He says the campaigns are discussing the convention process and he's leaving open the possibility she could receive the nomination by acclamation at the end of a full roll call vote.
Ivanka Trump's rabbi says he's asking to be "relieved" of his commitment to deliver the invocation at next week's Republican convention.
Rabbi Haskel Lookstein writes in an email to his congregation that he had agreed to deliver the invocation "out of respect" for Ivanka Trump.
She's a member of his synagogue and the daughter of presumptive GOP nominee Donald Trump.
But the rabbi says that after his name appeared on a convention speakers' list without noting he could be delivering the invocation and not giving a campaign speech, "the whole matter turned from rabbinic to political."
Lookstein says his request to no longer appear at the convention "has been honored."
Donald Trump spokeswoman Hope Hicks says the rabbi's "statement speaks for itself."
The Republican Party chairman says Donald Trump's vice presidential pick shows that Trump is maturing as a candidate.
Chairman Reince Priebus (ryns PREE'-bus) says Indiana Gov. Mike Pence — a former congressman — has experience inside and outside Washington and is a Christian conservative.
Priebus says Pence offers a "very different style that I think shows a lot of maturity" on Trump's part.
Priebus was in an interview with The Associated Press when Trump tweeted the news about Pence.
Priebus says Pence also helps Trump politically by drawing in conservative groups that may have been slow to come to Trump's side.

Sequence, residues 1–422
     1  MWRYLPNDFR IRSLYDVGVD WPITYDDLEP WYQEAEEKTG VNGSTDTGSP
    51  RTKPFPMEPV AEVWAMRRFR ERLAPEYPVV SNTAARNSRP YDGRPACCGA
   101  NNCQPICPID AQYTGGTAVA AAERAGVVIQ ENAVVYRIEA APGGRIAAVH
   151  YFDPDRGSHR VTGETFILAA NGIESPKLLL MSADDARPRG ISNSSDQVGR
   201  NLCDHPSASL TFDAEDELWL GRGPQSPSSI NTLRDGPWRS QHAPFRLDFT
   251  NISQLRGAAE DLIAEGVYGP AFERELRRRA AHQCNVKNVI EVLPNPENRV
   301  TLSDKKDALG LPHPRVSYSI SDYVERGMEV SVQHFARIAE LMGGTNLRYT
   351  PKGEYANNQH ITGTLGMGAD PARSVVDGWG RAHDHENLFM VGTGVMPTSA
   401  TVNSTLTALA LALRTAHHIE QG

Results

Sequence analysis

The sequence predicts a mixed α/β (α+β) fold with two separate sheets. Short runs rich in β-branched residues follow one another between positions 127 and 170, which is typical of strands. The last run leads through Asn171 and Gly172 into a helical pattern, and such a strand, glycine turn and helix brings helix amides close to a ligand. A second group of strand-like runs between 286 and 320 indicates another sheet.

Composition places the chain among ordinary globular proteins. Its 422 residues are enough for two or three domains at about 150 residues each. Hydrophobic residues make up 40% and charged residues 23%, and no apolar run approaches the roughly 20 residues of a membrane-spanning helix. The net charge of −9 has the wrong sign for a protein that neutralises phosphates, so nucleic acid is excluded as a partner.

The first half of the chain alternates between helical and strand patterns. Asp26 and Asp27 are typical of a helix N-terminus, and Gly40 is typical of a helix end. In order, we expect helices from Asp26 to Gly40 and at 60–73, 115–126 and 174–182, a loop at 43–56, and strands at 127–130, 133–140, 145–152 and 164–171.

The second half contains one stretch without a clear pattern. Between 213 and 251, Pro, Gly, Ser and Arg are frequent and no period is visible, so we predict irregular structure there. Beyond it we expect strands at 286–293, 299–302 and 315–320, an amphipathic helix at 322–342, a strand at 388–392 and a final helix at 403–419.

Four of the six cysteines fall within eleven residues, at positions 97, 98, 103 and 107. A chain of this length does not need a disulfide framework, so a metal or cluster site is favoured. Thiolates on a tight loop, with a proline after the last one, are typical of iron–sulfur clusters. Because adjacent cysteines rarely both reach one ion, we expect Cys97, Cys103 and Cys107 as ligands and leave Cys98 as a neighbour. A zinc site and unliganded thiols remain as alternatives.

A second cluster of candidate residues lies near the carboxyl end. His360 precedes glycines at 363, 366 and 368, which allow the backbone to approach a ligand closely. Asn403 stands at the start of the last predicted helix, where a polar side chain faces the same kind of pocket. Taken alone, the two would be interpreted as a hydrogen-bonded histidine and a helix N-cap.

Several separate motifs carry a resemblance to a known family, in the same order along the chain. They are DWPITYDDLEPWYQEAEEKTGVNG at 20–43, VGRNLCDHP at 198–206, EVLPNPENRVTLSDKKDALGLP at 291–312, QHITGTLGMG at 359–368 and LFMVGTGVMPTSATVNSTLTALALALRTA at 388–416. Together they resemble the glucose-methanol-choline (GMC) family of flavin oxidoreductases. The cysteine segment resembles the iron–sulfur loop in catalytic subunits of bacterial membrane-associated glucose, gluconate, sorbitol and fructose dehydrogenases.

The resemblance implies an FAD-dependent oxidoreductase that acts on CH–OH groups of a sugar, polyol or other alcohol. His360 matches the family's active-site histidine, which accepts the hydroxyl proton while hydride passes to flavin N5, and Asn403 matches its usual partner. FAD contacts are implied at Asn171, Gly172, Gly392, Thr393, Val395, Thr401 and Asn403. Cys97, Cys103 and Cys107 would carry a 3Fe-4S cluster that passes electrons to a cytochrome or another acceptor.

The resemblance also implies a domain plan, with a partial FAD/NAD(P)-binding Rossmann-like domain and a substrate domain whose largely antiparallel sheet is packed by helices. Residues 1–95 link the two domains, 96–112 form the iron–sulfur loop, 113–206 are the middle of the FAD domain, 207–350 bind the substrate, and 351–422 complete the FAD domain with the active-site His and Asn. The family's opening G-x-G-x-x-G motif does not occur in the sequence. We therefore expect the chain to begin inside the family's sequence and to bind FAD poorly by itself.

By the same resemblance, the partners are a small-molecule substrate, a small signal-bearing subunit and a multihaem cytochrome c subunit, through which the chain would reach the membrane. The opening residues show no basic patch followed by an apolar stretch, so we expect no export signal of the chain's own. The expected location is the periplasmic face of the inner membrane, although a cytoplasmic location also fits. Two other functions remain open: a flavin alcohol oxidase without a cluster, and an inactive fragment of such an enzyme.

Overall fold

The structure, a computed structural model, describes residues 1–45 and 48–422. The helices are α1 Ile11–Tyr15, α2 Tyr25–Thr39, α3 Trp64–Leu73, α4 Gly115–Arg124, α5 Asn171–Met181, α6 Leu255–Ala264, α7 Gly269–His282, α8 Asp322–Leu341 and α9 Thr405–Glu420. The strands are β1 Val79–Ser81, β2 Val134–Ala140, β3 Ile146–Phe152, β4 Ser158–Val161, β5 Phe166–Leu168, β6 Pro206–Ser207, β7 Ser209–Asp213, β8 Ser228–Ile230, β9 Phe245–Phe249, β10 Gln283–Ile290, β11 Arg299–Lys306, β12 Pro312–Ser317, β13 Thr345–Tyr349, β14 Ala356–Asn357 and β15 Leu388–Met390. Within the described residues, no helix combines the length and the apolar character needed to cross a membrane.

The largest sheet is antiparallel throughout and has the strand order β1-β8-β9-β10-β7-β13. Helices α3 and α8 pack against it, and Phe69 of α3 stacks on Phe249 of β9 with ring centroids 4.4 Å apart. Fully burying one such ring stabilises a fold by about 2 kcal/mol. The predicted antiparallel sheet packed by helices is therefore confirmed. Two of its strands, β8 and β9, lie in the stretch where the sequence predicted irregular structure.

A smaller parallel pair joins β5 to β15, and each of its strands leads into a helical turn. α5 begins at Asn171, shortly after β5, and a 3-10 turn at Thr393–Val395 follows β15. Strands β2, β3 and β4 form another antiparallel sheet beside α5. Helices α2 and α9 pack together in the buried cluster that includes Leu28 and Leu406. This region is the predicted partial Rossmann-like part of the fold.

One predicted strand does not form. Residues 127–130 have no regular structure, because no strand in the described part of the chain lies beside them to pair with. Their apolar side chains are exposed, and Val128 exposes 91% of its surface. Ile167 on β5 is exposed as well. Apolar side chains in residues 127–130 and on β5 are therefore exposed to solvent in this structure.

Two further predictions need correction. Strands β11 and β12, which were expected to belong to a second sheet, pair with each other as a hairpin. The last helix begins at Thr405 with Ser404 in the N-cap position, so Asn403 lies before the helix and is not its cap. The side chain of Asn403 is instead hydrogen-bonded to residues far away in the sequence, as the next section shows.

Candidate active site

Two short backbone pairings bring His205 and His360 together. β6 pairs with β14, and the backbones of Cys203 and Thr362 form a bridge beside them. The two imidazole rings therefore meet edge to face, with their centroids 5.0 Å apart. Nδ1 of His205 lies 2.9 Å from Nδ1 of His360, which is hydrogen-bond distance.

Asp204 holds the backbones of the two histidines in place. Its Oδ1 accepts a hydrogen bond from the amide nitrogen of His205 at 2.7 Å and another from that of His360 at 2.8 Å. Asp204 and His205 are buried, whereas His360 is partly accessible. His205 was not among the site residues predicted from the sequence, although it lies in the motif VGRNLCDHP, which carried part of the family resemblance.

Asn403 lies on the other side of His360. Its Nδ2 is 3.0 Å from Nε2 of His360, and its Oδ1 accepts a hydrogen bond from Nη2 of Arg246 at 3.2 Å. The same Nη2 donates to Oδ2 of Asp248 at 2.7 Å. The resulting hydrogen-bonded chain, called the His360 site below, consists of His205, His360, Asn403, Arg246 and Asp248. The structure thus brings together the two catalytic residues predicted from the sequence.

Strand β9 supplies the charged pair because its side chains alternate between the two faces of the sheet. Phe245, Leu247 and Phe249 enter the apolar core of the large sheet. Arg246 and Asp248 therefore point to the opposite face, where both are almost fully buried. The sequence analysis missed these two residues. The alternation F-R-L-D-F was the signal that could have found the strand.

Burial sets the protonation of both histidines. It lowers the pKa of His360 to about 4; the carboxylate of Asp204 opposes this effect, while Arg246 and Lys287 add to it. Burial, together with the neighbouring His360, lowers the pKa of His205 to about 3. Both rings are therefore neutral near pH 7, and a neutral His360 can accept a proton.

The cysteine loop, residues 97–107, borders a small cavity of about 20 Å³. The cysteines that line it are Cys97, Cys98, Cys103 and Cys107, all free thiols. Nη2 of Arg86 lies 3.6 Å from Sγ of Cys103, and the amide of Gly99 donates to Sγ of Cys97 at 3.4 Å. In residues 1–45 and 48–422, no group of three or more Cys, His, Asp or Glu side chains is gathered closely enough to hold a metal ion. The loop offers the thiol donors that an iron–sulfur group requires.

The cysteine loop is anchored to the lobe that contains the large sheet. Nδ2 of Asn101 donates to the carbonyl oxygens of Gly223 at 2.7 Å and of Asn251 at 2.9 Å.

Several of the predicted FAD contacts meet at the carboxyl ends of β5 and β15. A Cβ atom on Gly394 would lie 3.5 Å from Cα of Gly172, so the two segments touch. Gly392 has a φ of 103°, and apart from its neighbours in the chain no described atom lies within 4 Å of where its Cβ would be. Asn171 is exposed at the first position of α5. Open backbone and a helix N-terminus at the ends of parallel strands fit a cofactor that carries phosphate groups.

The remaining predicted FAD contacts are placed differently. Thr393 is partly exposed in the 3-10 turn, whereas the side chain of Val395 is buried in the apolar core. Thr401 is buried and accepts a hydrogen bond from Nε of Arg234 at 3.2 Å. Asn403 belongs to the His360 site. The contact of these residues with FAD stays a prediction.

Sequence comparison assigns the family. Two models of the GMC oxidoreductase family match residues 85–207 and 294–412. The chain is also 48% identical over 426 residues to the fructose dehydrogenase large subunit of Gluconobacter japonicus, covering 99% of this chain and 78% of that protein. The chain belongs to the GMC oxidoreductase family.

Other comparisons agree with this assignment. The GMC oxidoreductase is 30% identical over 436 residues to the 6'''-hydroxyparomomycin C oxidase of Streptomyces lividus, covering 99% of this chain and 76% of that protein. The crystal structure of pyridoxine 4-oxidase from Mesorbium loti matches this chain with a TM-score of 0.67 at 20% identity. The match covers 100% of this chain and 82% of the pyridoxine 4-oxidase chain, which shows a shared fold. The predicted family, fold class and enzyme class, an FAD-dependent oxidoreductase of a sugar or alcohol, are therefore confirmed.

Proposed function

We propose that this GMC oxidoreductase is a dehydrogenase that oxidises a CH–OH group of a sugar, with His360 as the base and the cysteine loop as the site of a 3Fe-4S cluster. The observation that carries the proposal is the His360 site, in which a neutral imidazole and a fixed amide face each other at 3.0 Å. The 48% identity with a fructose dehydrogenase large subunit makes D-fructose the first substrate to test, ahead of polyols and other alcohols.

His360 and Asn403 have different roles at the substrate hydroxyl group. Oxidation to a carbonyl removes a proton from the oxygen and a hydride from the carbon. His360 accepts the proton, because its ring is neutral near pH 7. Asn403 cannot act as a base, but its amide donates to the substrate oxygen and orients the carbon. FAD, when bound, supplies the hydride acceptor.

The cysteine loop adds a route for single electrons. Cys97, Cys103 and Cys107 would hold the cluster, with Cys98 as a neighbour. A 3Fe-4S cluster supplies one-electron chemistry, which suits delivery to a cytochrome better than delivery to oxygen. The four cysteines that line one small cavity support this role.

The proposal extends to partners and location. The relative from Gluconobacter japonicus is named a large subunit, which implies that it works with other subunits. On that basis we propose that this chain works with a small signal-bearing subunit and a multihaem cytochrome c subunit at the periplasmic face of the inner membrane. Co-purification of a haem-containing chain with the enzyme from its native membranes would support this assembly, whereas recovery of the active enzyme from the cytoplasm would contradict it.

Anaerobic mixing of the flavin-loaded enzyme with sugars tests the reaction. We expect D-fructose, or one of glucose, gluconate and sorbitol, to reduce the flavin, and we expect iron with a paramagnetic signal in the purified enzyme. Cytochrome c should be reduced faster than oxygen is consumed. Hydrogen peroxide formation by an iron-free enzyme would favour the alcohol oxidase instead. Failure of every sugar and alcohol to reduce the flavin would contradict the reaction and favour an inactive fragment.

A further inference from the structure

The Republican Party is already working to raise money right off Donald Trump's decision to name Indiana Gov. Mike Pence as his running mate.
Trump says in a fundraising email sent shortly after he tweeted his choice that supporters should "contribute now to be the first to join the Trump-Pence Team."
Pence's selection is aimed in part at assuring donors that Trump is prepared to run a more serious and disciplined general election campaign.
Donald Trump is set to make his first public appearance with his chosen running mate — Indiana Gov. Mike Pence — on Saturday morning in New York.
The official announcement that Pence is the vice presidential pick is set for the same Hilton hotel in midtown Manhattan where Trump had been scheduled to reveal his choice Friday.
Trump postponed the announcement following the truck attack in Nice, France, that left scores dead.
House Speaker Paul Ryan is welcoming Donald Trump's decision to tap Indiana Gov. Mike Pence as his running mate.
Pence is a former congressman, and Ryan says in a statement that Pence comes from the heart of the conservative movement and "the heart of America."
Ryan says "we need someone who is steady and secure in his principles, someone who can cut through the noise and make a compelling case for conservatism."
The speaker says Pence will bring real change to Washington. Ryan says he'll do everything he can to help the GOP ticket win in November and the party win a national majority.
Hillary Clinton's presidential campaign says Donald Trump has "doubled down" on what the Clinton team calls his "disturbing beliefs" by choosing Indiana Gov. Mike Pence as his running mate.
Clinton campaign chairman John Podesta says Pence is "an incredibly divisive and unpopular figure."
Podesta says Pence is known for supporting what Podesta calls "discriminatory politics and failed economic policies that favor millionaires and corporations over working families."
Clinton's campaign says Pence was an early advocate for the tea party in Congress — and as governor, pushed a law that discriminated against gays and lesbians and alienated businesses in Indiana.
The Clinton team notes Pence led the fight to defund Planned Parenthood and restrict abortion rights and has opposed raising the federal minimum wage.
Now that he's Donald Trump's running mate, Mike Pence has withdrawn from the Indiana governor's race.